Robert Shaw was born 90 years ago today, August 9, 1927. To celebrate the birth of this iconic actor and writer, BAMF Style presents another contributor post submitted by BAMF Style reader “W.T. Hatch”. Enjoy!
Robert Shaw as Quint, grizzled and tough shark hunter and U.S. Navy veteran
Amity Island, July 1974
Release Date: June 20, 1975
Director: Steven Spielberg
Costume Design: Louise Clark, Robert Ellsworth, and Irwin Rose
Y’all know me. Know how I earn a livin’. I’ll catch this bird for you, but it ain’t gonna be easy.
In 1975, director Steven Spielberg scared the bejesus out of America with the summer blockbuster hit Jaws. Based upon author Peter Benchley’s novel of the same name, Jaws is the harrowing tale of a 25′ man-eating shark which terrorizes the small beach community of Amity Island. Technical problems forced Spielberg to largely abandon the mechanical shark, dubbed “Bruce” after his attorney, instead using mood, music, and a set of yellow barrels to suggest the beast’s on-screen presence. One viewing of the film is enough to make even the bravest soul think twice before taking a swim in the ocean.
But one other persona in the movie is more frightening than the shark. I speak of the shark’s archenemy known only by the name of Quint. No doubt inspired by another single-minded sea captain, namely Ahab of Moby Dick, Quint is one of cinema’s most enigmatic, famous, and all-around badass characters. Continue reading
Steve McQueen as Thomas Crown, millionaire playboy and heist mastermind
Salem, New Hampshire, Summer 1968
Film: The Thomas Crown Affair
Release Date: June 19, 1968
Director: Norman Jewison
Costume Designer: Alan Levine
In 1968’s The Thomas Crown Affair, the titular millionaire is every bit the sportsman that you’d expect a Steve McQueen character to be. A brief scene shows Crown spending his weekend recreationally gliding a Schweizer SGS 1-23H through the skies over Salem… although it was actually local pilot Roy McMaster who rode in the cockpit during the actual scenes in flight.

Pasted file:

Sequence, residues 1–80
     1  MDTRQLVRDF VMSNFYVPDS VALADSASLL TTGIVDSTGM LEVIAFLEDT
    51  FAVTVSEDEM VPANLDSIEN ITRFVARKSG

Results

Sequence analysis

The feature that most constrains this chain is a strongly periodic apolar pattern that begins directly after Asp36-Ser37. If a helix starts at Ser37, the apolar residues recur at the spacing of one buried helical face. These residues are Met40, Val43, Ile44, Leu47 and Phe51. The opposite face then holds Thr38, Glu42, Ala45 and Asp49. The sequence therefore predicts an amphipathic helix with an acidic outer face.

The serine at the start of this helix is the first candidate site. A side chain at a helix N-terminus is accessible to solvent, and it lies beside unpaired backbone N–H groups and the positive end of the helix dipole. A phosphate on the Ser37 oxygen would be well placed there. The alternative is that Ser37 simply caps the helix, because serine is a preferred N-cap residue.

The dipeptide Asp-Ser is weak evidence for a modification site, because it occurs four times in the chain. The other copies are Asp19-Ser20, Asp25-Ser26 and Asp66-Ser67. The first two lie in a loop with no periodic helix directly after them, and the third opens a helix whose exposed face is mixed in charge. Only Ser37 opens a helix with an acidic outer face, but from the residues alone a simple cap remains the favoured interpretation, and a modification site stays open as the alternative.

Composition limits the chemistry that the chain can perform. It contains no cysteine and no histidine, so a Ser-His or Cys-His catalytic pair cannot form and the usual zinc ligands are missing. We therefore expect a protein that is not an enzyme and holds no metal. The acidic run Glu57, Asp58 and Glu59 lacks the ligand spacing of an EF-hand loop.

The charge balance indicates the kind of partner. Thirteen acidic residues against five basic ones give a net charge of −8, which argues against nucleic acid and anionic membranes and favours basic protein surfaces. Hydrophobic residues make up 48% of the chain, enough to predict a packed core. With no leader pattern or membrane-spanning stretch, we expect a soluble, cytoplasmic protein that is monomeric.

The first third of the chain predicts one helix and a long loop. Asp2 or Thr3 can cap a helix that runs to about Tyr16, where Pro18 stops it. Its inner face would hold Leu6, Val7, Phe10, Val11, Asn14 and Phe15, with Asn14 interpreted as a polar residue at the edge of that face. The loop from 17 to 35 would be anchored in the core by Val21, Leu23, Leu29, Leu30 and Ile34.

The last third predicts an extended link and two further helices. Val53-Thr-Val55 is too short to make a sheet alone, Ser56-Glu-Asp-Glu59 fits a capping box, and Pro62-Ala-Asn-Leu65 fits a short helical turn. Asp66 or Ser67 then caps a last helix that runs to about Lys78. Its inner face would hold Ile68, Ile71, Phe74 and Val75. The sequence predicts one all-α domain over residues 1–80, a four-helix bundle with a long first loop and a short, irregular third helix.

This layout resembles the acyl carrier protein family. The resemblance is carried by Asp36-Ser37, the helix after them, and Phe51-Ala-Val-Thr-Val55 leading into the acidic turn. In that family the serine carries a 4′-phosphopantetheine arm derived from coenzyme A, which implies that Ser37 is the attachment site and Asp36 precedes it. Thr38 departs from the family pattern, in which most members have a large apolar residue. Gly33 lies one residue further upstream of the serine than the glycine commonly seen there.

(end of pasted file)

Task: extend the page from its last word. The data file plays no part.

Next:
This vignette also featured Steve McQueen sporting casual outerwear that was also a real-life favorite of his: a classic Harrington jacket. Continue reading
William Powell as Nick Charles, retired private detective
Sycamore Springs, Summer 1944
Film: The Thin Man Goes Home
Release Date: January 25, 1945
Director: Richard Thorpe
Costume Supervisor: Irene
Although it isn’t one of the better films in the Thin Man series, The Thin Man Goes Home offers us a glimpse of Nick Charles’ pre-detective home life in “Sycamore Springs”, an idyllic small town somewhere in New England, in an attempt to ground the man we’d before known only as a wise-cracking, hard-drinking urbanite.
The Thin Man Goes Home, released in early 1945 when the world was still at war, was the fifth in the six-film series that had rapidly began losing momentum. After a strong start, each movie progressively lost the trademark wit of the original, replacing it with family-friendly hijinks and – most notably – less booze. Nick Charles’ shady Greek origins (the family’s original surname was Charalambides in Hammett’s novel) were replaced by a WASPy neighborhood in small town U.S.A. Although it is curious that Nick and Nora leave their young son at home, especially given the series’ new direction in favor of family. Continue reading